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If you want compact signatures you should look at ECDSA. RSA is pretty much horrible if key & signature size is important. I have no idea what key strength a 256 bit RSA key would have but even 1,024 bit key is only has 80 bit strength and it takes a 15,360 bit key to achieve 256 bit strength. The raw ECDSA signatures are 2x the key length as r & ...


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If you were using Asymmetric encryption at your digital signature Asymmetric encryption offers a means of encrypting and decrypting information by using a pair of keys (as opposed to symmetric encryption which only uses one key). In asymmetric encryption, a message encrypted with one key in the pair can only be decrypted by the other key in the pair. For ...


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No it does not. You can reference Wikipedia: https://en.wikipedia.org/wiki/Digital_signature "A digital signature is a mathematical scheme for demonstrating the authenticity of a digital message or document. A valid digital signature gives a recipient reason to believe that the message was created by a known sender, that the sender cannot deny having sent ...


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Yes; BLS can do that. (Message length is only relevant to short signatures in very limited circumstances.)


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But then why would the public key lose validity after some time? One reason is that the way certificates are signed might become outdated. For example because either the hashing algorithm or the signature algorithm/key length is too old. Take the hashing algorithm for example. At the moment SHA-1 signed certificates are on the way out. Because that ...


1

The API-SECRET as the name implies is secret and therefore should never be revealed in the client-side (nor on mobile applications). This credential is being used for generating signatures which can then be used for listing, deleting, overwriting and editing your content. You should either store it on the server side and pass only the generated signature, ...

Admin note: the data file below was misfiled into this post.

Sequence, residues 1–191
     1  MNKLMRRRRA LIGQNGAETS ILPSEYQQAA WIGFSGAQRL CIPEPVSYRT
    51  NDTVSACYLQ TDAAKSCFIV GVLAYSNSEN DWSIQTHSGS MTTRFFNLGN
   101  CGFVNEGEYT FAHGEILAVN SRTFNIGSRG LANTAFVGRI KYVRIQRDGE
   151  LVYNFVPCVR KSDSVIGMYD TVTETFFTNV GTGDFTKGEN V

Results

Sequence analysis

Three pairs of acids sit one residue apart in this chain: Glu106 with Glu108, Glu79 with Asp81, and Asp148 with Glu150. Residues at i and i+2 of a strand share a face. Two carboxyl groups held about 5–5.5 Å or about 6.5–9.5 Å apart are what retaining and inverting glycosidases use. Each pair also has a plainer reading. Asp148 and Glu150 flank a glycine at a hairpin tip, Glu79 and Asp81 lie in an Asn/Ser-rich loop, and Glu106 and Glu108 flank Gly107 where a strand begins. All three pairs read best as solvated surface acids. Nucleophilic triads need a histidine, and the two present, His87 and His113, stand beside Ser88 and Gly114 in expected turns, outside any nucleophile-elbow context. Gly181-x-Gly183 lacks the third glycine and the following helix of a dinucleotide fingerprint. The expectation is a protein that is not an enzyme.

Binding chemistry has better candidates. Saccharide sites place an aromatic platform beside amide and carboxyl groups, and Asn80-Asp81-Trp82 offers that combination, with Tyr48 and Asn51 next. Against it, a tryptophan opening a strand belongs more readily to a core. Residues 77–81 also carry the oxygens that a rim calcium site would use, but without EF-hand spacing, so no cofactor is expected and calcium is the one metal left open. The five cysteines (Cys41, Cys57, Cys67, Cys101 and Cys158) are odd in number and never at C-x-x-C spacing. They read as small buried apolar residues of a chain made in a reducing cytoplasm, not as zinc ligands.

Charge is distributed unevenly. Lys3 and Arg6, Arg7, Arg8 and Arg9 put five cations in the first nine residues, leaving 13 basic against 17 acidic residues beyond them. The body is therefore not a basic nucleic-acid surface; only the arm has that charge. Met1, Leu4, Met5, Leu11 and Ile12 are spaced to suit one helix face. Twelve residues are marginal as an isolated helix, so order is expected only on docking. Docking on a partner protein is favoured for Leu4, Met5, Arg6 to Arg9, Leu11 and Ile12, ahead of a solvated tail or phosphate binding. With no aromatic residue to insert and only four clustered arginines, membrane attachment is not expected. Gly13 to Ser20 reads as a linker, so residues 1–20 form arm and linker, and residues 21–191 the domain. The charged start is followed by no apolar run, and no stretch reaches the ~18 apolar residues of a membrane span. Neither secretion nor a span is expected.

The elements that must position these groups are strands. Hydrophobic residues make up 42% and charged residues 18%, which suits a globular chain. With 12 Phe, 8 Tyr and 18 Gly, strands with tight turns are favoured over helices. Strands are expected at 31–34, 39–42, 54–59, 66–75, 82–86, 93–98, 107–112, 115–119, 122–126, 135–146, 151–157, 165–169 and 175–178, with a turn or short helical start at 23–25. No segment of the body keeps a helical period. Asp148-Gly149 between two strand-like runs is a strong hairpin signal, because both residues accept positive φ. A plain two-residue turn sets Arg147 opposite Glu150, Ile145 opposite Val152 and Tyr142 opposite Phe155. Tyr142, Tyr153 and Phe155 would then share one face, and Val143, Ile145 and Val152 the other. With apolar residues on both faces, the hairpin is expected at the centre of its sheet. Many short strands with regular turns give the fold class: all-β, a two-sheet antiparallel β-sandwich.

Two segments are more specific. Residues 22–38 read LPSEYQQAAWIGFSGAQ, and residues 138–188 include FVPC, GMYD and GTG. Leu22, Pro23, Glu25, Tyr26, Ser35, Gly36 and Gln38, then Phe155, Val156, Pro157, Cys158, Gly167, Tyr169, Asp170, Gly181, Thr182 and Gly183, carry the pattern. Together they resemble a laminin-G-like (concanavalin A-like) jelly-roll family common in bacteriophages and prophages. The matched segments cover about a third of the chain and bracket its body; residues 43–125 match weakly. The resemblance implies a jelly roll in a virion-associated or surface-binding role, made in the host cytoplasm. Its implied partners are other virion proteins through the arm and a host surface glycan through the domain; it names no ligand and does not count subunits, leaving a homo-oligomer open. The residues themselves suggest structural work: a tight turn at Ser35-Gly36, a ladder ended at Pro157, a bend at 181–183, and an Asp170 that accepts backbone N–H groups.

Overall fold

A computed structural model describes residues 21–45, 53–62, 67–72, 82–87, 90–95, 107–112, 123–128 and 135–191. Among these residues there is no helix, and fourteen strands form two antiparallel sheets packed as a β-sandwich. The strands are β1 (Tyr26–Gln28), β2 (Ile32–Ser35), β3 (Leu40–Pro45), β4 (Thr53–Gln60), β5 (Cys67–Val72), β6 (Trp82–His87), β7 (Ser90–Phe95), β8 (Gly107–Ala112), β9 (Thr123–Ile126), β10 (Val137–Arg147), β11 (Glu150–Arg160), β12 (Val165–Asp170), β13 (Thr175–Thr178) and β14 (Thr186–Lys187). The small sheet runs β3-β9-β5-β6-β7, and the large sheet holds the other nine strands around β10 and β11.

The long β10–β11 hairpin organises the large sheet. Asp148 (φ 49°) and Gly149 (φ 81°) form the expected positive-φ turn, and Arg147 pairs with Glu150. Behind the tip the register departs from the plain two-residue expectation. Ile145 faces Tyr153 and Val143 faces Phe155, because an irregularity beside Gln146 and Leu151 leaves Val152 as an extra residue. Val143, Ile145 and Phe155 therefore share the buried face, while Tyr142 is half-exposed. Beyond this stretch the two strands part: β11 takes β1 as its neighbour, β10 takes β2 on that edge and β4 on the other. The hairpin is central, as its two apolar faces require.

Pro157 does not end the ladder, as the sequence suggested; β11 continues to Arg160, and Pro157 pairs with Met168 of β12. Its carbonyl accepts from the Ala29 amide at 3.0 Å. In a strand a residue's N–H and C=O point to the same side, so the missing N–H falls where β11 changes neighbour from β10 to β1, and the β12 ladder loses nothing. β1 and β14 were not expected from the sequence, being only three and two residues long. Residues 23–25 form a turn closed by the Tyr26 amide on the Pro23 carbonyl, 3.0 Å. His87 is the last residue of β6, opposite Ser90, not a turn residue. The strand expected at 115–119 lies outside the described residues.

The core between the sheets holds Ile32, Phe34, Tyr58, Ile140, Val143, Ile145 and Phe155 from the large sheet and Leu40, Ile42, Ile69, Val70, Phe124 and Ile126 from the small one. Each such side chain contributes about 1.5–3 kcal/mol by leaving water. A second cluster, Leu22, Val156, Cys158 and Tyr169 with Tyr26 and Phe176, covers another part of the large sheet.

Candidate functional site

2

A CRL has value, and is acceptable, by virtue of being signed. Since the CRL is signed, how you obtained it is of no consequence whatsoever on its acceptability. That's the point of certificates and CRL: they can be distributed over arbitrary networks, protected or not, even plain HTTP, email, avian carriers... it does not matter. Conversely, that the CRL ...


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I believe the general name for this is CRL Stapling, which might be a useful google search term for finding your answer. Here is an excellent security.SE question explaining CRL Stapling. Some thoughts on your question: Even if a CA is configured to publish multiple small CRLs, each certificate includes an extension which points to the CRL file in which ...


1

It's not exactly what you requested but at least these two are worth a look in my opinion. There's a general and abstract notation for describing security protocols, which is being used to describe quite complicated stuff such as Kerberos. The Needham-Schröder protocol can also be expressed this way. Again, not really what you were looking for, but made ...


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It sounds like you're somewhat describing the Cryptographic Message Syntax (CMS). It loosely grew out of PKCS#7.



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